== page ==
NYC Response Times Lag Because Ambulances Wait in Line at the ER

In this article

Sign up here for our daily coronavirus newsletter on what you need to know, andsubscribe to our Covid-19 podcast for the latest news and analysis.

New York City ambulances are taking almost three minutes longer than usual to respond to the most critical distress calls, mainly because of administrative bottlenecks in overwhelmed emergency rooms.

25,200 in U.S.Most new cases today

-26% Change in MSCI World Index of global stocks since Wuhan lockdown, Jan. 23

-1.​12 Change in U.S. treasury bond yield since Wuhan lockdown, Jan. 23

The delays, even on streets that are uncharacteristically clear, are forcing some ambulances to line up outside hospitals as they bring patients who need immediate care.

In March, response times for the most urgent category of emergency calls -- where every minute could mean the difference between life and death -- averaged 10 minutes and 7 seconds, according to New York City Fire Department records. That compares with an average 7 minutes and 15 seconds during the same period a year earlier.

The service’s busiest nine days in history came at the end of March, said James Long, a spokesman for the city fire department, which runs EMS operations.

Response time is measured from the 911 call to the moment the ambulance arrives on the scene. Paramedics are obligated to wait until a patient is processed by the hospital before moving on to their next call.

“In a normal scenario, the ambulance pulls up to the receiving hospital and releases the patient to the emergency room. Staff there processes the intake and the EMTs get on with their next job,” Long said. “Now, they are getting the patient into a chaotic ER where everyone is stressed out. What usually takes 10 or 20 minutes can take a half hour.”

In a city of 8.6 million people, emergency rooms were filled already even before the new coronavirus hit. said Anthony Almojera, an EMS technician and vice president of FDNY EMS Officers Union Local 3621. “Now they are bursting at the seams,” he said.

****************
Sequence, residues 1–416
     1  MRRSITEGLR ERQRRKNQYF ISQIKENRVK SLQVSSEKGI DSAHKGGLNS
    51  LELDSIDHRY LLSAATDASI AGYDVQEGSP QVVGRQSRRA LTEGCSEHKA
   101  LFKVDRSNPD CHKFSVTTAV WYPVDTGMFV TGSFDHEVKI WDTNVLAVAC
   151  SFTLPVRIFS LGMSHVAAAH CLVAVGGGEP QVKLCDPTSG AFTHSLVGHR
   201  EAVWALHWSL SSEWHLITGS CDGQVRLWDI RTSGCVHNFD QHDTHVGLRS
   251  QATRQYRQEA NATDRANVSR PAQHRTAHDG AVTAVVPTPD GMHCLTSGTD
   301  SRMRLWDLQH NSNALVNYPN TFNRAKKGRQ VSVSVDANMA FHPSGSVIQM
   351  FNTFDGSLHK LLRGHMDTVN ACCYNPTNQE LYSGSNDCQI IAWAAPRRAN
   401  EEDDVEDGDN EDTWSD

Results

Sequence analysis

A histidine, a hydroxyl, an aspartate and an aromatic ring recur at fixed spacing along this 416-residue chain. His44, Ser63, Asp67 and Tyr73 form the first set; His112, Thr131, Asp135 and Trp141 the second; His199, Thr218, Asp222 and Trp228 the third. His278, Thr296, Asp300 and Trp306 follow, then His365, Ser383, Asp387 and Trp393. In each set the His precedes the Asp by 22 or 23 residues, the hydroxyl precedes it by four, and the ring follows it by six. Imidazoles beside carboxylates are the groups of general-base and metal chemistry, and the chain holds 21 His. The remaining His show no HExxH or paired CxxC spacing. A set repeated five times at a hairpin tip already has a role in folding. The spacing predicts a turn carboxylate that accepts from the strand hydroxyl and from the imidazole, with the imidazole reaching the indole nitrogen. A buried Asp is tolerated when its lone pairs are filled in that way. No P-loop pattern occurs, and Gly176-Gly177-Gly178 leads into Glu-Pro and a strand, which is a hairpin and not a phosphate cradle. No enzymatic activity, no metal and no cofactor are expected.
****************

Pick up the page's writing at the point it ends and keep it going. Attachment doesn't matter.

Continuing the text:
EMS trucks line up outside hospitals every day, Almojera said. At Brookdale Hospital in Brooklyn on Tuesday, he saw a line of 20 ambulances waiting. In one case, the hospital was so short of beds, workers borrowed an ambulance gurney so they could put a critically ill patient on a ventilator, he said.

Fire Department officials on Thursday asked New Yorkers to call 911 only for true emergencies, after EMS responded to almost 6,000 calls the day before. Ambulances don’t provide testing for Covid-19, the disease caused by the coronavirus, and patients won’t be transported to a hospital to be tested upon request, officials said in aTwitter message.

Stressed-out drivers and paramedics will get some help from 250 more ambulances and 500 specialists that the Federal Emergency Management Agency sent to the city this week. On Thursday, Mayor Bill de Blasio visited a fire department EMS station in Queens and Fort Totten, aU.S. Army installation nearby where he greeted paramedics dispatched by FEMA.

“They’re going immediately into action to help our extraordinary colleagues at the Fire Department and EMS to do the work that they do,” de Blasio said this week, during a news briefing in which he thanked federal officials for sending the ambulances and workers. “This is really powerful, and it shows how much the federal government is getting into gear now full gear to help us.”

But the added vehicles and personnel will have little impact on the slowing response times as ambulances line up at hospital driveways waiting to unload the sick, file the paperwork and get back on the empty streets for their next call.

The department has received an unprecedented volume of weekly medical calls, the most since the Sept. 11, 2001, attack on the World Trade Center, Long said. Total calls averaged 6,224 a day between March 26 and March 30. Normal daily volume ranges between 3,500 and 4,000 calls, Long said.

Almojera said some paramedics have had to wait close to an hour for processing as patients wait for beds or care. The waits take an emotional toll on EMS workers, he said.

“How many times can you go to a family member and say, ‘Sorry there is nothing more we can do?’” he said.

(A previous version corrected the extent of increased response times in the first paragraph.)

Source: Read Full Article